Fulfilling its COP26 pledge: Can India become carbon-neutral by 2070?

Becoming carbon-neutral by 2070 will not only help the world but will also make India a new industrial power, writes Anil K. Rajvanshi for South Aisa Monitor

Anil K. Rajvanshi Nov 17, 2021
Indian Prime Minister Narendra Modi made a bold statement at the COP26 meeting in Glasgow (Photo: PIB)

On November 1, Indian Prime Minister Narendra Modi made a very bold statement in COP26 meeting in Glasgow , pledging that by 2070 India will become a carbon-neutral nation. If followed to its logical end, it can create a very advanced Indian industrial society and a livable planet.

The statement reminded me of the pledge President John F Kennedy made to Americans in 1962 that before the decade is out, the U.S. will send a man to the moon and bring him back safely. 

Kennedy and Modi 

The difference in these two statements was that except for Kennedy who was shot dead in 1963, most people who listened to him that day were still alive in 1969 when man landed on the moon. On the other hand, all the leaders who spoke in COP26 will be dead by 2070. Thus, unless they all set in motion a concerted effort and produce a doable road map, all these talks will remain empty promises. 

The audacious goal Kennedy gave in 1962 had no precedence. Yet the US set in motion the creation of a huge industry and manpower base to take up the challenge. Most people who worked on this goal were driven by patriotism, pride and a desire to conquer space. I had the privilege of knowing one of them (my Ph.D Professor Erich Farber). The scientific and academic community rose to the challenge. 

I feel this is the type of programme needed in India together with the missionary zeal of scientists, bureaucrats and decision-makers to convert Modi’s statement into reality. It requires a tremendous effort on the part of the present Indian leadership to inspire Indians to do it. Whether they can do it only time will tell. 

However, there are some possible solutions that the government might find worth considering:

(a) Reducing per capita energy consumption
No amount of renewable energy technologies and systems will help the world or India if we continue on the present path of consuming greedily huge quantities of resources and energy which fuel the consumptive and wasteful lifestyle. There is a tremendous chasm between the rich and the poor in the country. The wealth of India’s richest 1 percent is more than 4 times that of 70 percent of its population!  The rich need to learn to live sustainably and not in ever-increasing luxury and consumption.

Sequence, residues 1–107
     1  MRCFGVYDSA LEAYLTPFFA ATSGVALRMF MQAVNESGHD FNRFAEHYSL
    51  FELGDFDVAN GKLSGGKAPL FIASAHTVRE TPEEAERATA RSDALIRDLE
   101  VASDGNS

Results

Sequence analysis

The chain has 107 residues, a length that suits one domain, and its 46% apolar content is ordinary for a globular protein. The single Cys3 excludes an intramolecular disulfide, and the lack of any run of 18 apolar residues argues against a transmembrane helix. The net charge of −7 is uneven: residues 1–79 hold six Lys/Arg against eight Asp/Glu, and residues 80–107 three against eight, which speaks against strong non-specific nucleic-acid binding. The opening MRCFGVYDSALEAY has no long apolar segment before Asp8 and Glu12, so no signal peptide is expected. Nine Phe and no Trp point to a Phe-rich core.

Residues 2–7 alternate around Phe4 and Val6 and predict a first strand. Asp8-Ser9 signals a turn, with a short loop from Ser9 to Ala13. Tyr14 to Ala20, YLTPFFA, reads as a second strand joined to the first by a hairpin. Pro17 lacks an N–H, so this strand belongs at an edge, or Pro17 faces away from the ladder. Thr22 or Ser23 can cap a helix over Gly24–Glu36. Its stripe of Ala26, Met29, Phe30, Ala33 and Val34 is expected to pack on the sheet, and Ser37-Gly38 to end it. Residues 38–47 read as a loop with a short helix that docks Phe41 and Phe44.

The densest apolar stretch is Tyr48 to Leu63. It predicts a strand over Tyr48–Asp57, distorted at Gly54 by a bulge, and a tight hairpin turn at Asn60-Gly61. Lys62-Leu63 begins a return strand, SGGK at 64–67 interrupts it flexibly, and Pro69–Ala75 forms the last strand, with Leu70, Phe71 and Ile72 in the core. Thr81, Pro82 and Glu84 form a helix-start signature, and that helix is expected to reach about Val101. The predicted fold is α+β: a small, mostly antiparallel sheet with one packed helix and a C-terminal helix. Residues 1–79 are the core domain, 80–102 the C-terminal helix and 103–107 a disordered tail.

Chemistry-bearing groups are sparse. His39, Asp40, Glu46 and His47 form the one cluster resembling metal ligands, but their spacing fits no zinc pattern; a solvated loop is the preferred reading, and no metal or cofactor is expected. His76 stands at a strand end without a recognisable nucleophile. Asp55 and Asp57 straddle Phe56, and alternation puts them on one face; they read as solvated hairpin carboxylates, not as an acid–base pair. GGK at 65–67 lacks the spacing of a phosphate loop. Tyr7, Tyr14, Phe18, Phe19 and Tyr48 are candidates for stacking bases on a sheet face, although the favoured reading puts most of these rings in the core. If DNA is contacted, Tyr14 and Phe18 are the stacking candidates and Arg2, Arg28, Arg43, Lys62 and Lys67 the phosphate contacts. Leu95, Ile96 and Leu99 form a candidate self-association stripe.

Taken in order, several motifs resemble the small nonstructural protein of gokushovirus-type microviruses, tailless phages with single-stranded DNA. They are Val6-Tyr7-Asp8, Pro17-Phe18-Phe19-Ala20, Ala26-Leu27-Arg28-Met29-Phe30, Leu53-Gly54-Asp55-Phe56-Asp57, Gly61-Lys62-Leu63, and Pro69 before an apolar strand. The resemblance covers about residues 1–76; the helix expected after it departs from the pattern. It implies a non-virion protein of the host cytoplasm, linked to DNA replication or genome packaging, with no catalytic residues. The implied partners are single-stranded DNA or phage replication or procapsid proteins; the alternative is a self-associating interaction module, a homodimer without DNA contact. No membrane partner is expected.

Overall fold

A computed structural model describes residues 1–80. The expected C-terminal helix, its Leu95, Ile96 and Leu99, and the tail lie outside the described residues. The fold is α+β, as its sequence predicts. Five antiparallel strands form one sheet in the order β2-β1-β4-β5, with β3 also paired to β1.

It is possible to live in an emotionally satisfying and sustainable manner with much less energy than the Americans and Europeans consume. It is a doable goal. Once we reduce our energy consumption, the carbon footprint will automatically reduce. 

(b) Extensive efforts needed in R&D 

India has a woefully inadequate R&D budget.  It is ~ 0.7 percent of GDP whereas countries with equivalent and even smaller economics spend 1-4 percent of GDP. At the same time, the quality of engineering education in India is poor. So we produce engineers and technicians who are only proficient in passing exams. 

India needs to set in motion a massive programme of not only improving engineering education but also in creating an eco-system for creating great teachers. The quality of teachers in most engineering colleges and institutes is presently inferior. 

(c) Biomass energy for electricity production 

To become truly carbon-neutral, it is necessary that whatever carbon dioxide we generate should be fixed continuously. This can happen when we produce electricity and energy from biomass since it recycles carbon dioxide. At our Institute, NARI, we have done work on Subabul (Leucaena leucocephala) which produces fodder (its leaves are excellent fodder); fuel (wood from its stem) and fertilizer (its roots fix nitrogen in soil).  Similar multipurpose trees should form the backbone of biomass energy production strategies.

Biomass should be complemented by carbon-neutral sources like nuclear, wind, solar. The main thing is that a mix of energy alternatives will be needed. No single source will be sufficient.            
Way forward 

Fifty years is a long time to plan. Though so many things are unknown, yet nothing is impossible. Indians do wonderfully well when we go to the US and Europe.  We are competent enough to work towards carbon-neutral India, provided there is a sense of purpose that is inspired by the existing leadership. A lot of carbon dioxide mitigation technologies exist presently but once the programme progresses and accelerates, a large number of out-of-box solutions will be developed. 

The biggest challenge for India is how to make the rich and the neo-rich reduce their consumptive lifestyle. Once a person is used to the opulent lifestyle it becomes difficult for them to give it up. We cannot wait for another Mahatma Gandhi to be born. What is needed is that all like-minded people should use social media extensively to shame the opulent. 

Becoming carbon-neutral by 2070 will not only help the world but will also make India a new industrial power because developing renewable energy technologies on that scale can only be done by an advanced industrial society.  

One of the things India needs to do is not to ape the Chinese or the American model which is based on excessive greed but to develop technologies and systems keeping our own ethos in mind. Our mantra of development should be: Use of high and efficient technology guided by the wisdom of spirituality.  

(The writer, an IIT and US-trained engineer and renewable energy expert, is Director, Nimbkar Agricultural Research Institute, Phaltan, Maharashtra. The views expressed are personal. He can be contacted at anilrajvanshi50@gmail.com) 

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